Multiple Myeloma

Clinical Trials

Medical research has led to numerous new medicines and drug combinations that are improving patients’ lives. These advances were achieved through carefully designed and highly controlled medical studies known as clinical trials. Multiple myeloma research is occurring in several areas.

Immunotherapy research currently involves CAR T-cells and bispecific T-cell engagers (BiTEs). With CAR T-cell therapy, a patient’s T-cells (a type of white blood cell) are collected from a blood sample and chimeric antigen receptors (CARs) that enable the T-cells to recognize specific proteins on the surface of cancer cells are added. These engineered T-cells, called CAR T-cells, are multiplied in a laboratory and then infused back into the patient. BiTEs link two different antibodies (proteins made by plasma cells in response to a foreign substance in the body); one from a T-cell and the other to the malignant cell.

Standard-of-care drug therapies currently include combinations of two or three medications. Researchers are studying combinations of up to four drug therapies to achieve longer remissions.

Also being studied is minimal residual disease, a measurement of the small number of cancer cells that remain in the body during or after treatment. It may help your doctor create your treatment plan or help determine how well a treatment is working.

Genetic testing is also underway to determine changes or abnormalities in plasma cells associated with multiple myeloma. This testing may help identify standard and high-risk disease, which may affect treatment.

Multiple trials are studying combinations of currently approved drug therapies with those still in clinical trials to treat relapsed and refractory multiple myeloma.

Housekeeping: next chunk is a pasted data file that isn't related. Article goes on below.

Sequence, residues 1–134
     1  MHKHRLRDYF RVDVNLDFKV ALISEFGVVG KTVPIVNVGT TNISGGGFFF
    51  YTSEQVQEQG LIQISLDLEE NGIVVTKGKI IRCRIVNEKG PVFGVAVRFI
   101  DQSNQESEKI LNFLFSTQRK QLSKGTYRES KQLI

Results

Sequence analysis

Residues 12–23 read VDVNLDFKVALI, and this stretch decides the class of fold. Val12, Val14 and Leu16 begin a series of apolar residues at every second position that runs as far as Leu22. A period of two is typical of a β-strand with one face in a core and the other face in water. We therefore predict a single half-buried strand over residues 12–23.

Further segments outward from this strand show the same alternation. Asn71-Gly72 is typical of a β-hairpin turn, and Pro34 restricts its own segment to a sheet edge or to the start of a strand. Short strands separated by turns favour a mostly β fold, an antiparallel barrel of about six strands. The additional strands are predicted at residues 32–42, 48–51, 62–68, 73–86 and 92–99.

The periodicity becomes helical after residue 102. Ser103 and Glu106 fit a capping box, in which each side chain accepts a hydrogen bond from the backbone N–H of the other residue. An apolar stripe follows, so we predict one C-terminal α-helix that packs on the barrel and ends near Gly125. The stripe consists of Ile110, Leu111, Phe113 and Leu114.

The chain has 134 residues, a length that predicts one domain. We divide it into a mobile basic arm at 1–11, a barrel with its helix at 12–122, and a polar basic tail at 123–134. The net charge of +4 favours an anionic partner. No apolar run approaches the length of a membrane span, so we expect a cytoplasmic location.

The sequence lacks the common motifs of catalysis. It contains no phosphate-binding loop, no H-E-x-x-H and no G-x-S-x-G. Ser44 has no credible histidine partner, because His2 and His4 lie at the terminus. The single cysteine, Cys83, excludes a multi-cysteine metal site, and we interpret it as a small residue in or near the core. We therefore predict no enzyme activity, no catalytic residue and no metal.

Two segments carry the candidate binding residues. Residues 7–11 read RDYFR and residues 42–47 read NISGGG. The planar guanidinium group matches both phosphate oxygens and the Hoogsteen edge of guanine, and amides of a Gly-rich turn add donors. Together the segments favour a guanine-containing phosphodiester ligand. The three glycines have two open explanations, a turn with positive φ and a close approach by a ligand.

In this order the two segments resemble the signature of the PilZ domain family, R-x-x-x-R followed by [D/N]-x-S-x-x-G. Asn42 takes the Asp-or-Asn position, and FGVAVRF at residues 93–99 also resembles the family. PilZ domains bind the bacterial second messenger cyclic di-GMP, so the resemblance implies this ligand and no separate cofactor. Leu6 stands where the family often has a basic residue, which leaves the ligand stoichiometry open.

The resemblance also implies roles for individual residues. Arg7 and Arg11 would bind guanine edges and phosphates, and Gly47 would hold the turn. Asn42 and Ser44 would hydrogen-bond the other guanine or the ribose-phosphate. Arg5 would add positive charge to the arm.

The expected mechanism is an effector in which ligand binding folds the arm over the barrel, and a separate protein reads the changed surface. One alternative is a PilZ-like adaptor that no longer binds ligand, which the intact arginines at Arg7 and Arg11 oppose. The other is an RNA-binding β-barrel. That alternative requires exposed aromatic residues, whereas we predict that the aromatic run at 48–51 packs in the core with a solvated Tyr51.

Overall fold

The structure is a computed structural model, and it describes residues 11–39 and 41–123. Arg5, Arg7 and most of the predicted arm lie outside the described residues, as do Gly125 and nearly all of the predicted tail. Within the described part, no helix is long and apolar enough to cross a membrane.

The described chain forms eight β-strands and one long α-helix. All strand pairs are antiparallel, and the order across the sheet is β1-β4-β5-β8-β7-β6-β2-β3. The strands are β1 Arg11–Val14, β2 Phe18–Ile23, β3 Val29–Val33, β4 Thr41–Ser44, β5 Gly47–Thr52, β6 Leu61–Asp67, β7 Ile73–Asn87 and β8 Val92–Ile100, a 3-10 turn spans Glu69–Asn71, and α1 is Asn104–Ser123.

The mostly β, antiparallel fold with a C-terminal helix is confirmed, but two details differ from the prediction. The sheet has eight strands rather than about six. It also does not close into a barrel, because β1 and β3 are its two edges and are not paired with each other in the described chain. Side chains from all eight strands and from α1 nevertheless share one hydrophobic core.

What are Clinical Trials?

  • Clinical trials are medical research studies that are frequently used to test new therapies.
  • All participants enrolled are volunteers.
  • The details of a trial are outlined in the Informed Consent form, which participants must sign before beginning a trial.
  • Participants can withdraw from a clinical trial at any time for any reason.

Myths vs facts

A clinical trial is a last resort. In some situations, a clinical trial may offer the best option among treatments you’re considering and may even be the first option to consider.

If my doctor doesn’t bring it up, I can’t participate. Thousands of trials take place at the same time, making it very difficult for your doctor to know about every trial. That’s why you’re encouraged to search for a clinical trial on your own.

I’ll have to travel to a major city to take part in a trial. Not necessarily. Although people may travel to take advantage of some trials, more are available all over the country in hospitals, treatment centers and doctor’s offices.

Once I start the trial, I have to finish it. Participation is always voluntary. You may choose to leave the trial at any time, for any reason, and opt for standard-of-care treatment.

I’m too old to be in a clinical trial. Seniors may respond differently to treatment and may develop different side effects. Having them enrolled in a trial helps researchers develop the right treatment for older people.

Benefits of Participation

  • Access to leading-edge treatments that aren’t yet available for your type or stage of disease.
  • Higher level of care because you will be closely monitored by your oncologist and the clinical trial medical team.
  • Being an active partner in your own care.
  • Knowing you are contributing to the future of cancer care.

How to Find a Clinical Trial

  • Ask your doctor about available trials for which you may qualify.
  • Search online. Start with this list of clinical trial sites. Depending on your diagnosis, there could be many. Ask friends and family to help.
  • Have your exact diagnosis, pathology report and treatment details available to see if you meet a trial’s criteria.
  • Discuss possible trials with your doctor to determine whether they are an option for you.

Clinical Trial Sites

 

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